on 23 February 2016
I know some lovers of Malian music may have been put off by Vieux's more recent excursions into a more heavy westernised rock sound.
For financial reasons he doesnt tour extensively with a full African band, but just with backing of bass and drums.
Whilst he can still play more traditional songs and rhythms with the reduced line up, Vieux's touring set as witnessed recently also includes Hendrix-like psychedelic rock (he is a phenomenal guitarist) and some crowd-pleasing 'dancey' numbers.As a live performer, in the West at least, he is a bit of a 'showman'.
Vieux has studied music, travelled, and in today's accessible world obviously listened to a broad spectrum of music, like most of us.
It is therefore virtually impossible for young African musicians not to be affected by other musical forms such as western blues, soul and folk, jazz, Afro-Cuban beats, and even pop,trip-hop etc.
As there has almost always been some cross-fertilisation of musical styles and traditions as people travel, l don't think we should get too hung up on how 'authentic' music is, as long as it is played with integrity from the heart of the performer(s).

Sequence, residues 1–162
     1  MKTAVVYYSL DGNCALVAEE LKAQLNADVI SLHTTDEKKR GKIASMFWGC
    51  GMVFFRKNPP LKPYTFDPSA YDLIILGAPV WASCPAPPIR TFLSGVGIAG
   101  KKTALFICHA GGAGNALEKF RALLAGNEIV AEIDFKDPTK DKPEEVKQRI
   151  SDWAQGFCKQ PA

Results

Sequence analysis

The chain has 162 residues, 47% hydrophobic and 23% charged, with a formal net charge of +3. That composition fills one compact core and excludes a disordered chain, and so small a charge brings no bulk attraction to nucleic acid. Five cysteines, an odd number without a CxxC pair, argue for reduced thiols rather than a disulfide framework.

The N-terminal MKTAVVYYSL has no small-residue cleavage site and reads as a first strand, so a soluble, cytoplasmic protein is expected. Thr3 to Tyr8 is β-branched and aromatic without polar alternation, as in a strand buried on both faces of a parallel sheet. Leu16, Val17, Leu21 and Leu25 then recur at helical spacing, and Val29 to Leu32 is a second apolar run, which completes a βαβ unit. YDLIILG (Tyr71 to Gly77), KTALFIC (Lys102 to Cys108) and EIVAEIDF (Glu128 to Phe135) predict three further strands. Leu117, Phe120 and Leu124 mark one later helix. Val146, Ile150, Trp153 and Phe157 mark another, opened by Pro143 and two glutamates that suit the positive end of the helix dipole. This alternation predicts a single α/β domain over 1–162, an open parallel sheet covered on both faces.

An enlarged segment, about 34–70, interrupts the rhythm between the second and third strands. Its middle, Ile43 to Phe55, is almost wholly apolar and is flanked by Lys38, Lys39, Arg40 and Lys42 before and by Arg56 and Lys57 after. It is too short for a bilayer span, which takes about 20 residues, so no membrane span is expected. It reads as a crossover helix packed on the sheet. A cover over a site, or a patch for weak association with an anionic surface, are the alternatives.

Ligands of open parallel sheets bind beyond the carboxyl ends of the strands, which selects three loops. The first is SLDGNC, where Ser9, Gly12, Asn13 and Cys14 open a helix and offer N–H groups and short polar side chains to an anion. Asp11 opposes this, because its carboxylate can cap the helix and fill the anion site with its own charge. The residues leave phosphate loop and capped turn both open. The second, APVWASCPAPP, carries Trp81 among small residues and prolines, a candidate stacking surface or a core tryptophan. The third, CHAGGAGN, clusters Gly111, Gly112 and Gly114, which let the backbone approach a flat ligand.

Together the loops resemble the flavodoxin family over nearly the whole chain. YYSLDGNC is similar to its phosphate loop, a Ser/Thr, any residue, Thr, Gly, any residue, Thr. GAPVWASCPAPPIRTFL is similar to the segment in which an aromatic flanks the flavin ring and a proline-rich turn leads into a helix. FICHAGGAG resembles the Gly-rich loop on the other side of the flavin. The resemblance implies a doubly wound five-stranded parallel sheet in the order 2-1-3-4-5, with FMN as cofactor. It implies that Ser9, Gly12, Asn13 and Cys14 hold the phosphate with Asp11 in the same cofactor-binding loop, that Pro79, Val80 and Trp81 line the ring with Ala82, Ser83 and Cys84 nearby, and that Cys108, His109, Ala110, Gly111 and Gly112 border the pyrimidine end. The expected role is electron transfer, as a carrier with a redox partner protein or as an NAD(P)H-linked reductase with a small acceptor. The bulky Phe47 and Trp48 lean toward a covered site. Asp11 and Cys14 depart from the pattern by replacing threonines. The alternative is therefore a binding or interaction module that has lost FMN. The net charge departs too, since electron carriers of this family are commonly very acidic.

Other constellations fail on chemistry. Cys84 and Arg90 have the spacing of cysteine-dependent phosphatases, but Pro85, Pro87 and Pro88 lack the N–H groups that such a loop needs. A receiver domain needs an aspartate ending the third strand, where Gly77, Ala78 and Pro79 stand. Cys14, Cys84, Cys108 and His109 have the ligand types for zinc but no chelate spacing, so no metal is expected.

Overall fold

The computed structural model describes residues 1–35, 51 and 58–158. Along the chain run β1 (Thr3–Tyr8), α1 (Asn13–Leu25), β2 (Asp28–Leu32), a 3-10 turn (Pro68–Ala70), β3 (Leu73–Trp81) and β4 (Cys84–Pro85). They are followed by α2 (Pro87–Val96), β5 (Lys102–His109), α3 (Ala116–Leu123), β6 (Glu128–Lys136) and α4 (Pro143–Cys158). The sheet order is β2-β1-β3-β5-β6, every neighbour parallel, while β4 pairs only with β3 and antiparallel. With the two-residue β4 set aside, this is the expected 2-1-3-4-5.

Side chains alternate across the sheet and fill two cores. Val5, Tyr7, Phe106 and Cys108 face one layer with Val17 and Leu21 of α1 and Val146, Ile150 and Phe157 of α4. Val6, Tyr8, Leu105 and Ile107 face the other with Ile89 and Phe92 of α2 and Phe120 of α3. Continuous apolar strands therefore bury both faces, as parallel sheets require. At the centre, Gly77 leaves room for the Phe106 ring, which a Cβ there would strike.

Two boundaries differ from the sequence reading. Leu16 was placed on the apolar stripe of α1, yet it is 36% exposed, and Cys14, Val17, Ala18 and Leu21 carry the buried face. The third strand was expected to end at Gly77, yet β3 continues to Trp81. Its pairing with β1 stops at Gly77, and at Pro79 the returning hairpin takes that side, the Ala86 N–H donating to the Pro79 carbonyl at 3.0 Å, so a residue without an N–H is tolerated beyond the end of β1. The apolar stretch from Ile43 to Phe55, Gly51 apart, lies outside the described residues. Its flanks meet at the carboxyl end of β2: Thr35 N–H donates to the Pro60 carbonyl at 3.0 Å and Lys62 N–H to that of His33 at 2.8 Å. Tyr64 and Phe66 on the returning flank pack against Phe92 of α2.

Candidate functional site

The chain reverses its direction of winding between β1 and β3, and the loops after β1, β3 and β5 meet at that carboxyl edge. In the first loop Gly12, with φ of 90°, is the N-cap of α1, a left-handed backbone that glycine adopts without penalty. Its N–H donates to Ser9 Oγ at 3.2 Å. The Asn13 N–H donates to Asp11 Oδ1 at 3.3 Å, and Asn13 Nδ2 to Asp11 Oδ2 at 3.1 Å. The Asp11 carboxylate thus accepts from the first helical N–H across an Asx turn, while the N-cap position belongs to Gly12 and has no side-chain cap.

I had previously only heard Vieux's impressive first album which has a fairly rough bluesy African roots sound as well as some more delicate melodies, and on which he duets with his late father Ali Farka Toure, and Toumani Diabate amongst other older musicians.
I dont know how far 'West' Vieux has travelled in musical style on his intervening records, but 'Mon Pays' is a beautiful album which seems to be firmly rooted in tradition.
Many African instruments are featured, the songs mostly follow traditional patterns, and the overall soundscape is mellow, semi-acoustic and melodic.
OK the production is far smoother than on his first album, and instruments such as piano appear sparingly, but the overall vibe is firmly Malian/African and the quality of the musicianship across the board is superb.
l agree it is important to try to keep musical traditions and the playing of regional traditional instruments alive, but l dont think anyone but a fanatical purist could accuse Vieux Farka Toure of abandoning his musical roots on this marvellous offering.
Purely in terms of consistent musical quality, one of the very best records l have heard in recent years.
If you like this and want to try more quality African music l could suggest as possible starting points the varous-artists
selections 'Mali Lo Lo', plus the 'Rough Guides' series to 'The Music of Senegal' and 'Marrabenta Mozambique' if you can still find the latter at reasonable cost.